Casebook: Appeal case - Community facilities - Mental care ruled different from nursing home

A lawful development certificate has been refused for the use of 40 bedrooms at a former nursing home in Yorkshire for the care and treatment of people with personality disorders because it would not comply with a planning condition.

As an NHS hospital, the building had benefited from Crown immunity until 1987. Permission for the nursing home was granted in that year subject to a condition preventing its use for any other purpose in the same use class. The dispute between the parties focused on whether the permission itself was unnecessary. The appellant claimed that if so, the condition could be ignored in accordance with the judgement in Newbury District Council v Secretary of State for the Environment (1981).

The inspector remarked that the Newbury case also identified circumstances where existing use rights might be lost by implementing a later permission, namely where this results in the creation of a new planning unit or a new chapter in the planning history of the site. He took the view that works required by the highway authority were sufficiently significant to constitute a new chapter in the planning history of the site and any existing use rights were lost as a result.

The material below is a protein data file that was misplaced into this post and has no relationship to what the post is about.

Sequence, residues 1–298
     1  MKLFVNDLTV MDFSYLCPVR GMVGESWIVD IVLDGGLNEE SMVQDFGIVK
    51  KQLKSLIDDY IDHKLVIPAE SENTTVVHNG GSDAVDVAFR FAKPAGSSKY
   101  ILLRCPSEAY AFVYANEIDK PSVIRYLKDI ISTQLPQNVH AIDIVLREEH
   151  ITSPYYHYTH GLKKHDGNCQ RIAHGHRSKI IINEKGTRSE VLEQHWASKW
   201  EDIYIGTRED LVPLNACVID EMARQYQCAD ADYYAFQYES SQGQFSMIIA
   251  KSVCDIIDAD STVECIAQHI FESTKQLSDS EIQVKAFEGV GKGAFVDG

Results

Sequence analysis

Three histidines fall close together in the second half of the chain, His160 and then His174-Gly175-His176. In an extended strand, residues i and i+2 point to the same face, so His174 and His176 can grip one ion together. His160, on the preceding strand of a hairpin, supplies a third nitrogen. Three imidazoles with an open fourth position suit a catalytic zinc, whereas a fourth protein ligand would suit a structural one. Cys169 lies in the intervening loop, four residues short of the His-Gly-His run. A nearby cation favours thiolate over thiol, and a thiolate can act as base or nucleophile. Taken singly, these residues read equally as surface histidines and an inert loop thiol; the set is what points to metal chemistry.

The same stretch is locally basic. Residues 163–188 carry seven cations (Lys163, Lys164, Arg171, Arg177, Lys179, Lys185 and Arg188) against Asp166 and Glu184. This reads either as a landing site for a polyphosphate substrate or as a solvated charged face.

The appellants argued for a common sense approach to what constitutes a "nursing home", a term not defined in planning legislation, identifying the existing use as a home where residents would live and nursing would be provided. On that basis the proposed use would not be materially different, they maintained.

The council suggested that a nursing home is commonly understood to refer to a residential home for elderly people. The recollections of councillors made it clear that this was their understanding when they imposed the condition, the authority argued. It also cited a dictionary definition referring to an institution, especially a small private one, providing health care for the elderly.

The inspector accepted that the proposed use fell within the relevant use class but did not consider it consistent with the common understanding or the dictionary definition of a nursing home. He also felt that it would be a departure from the manner in which the premises had lawfully operated for some 15 years, finding that it would be closer to a hospital use. He concluded that planning permission would be required.

DCS No: 100039369; Inspector: Frank Cherington; Inquiry.

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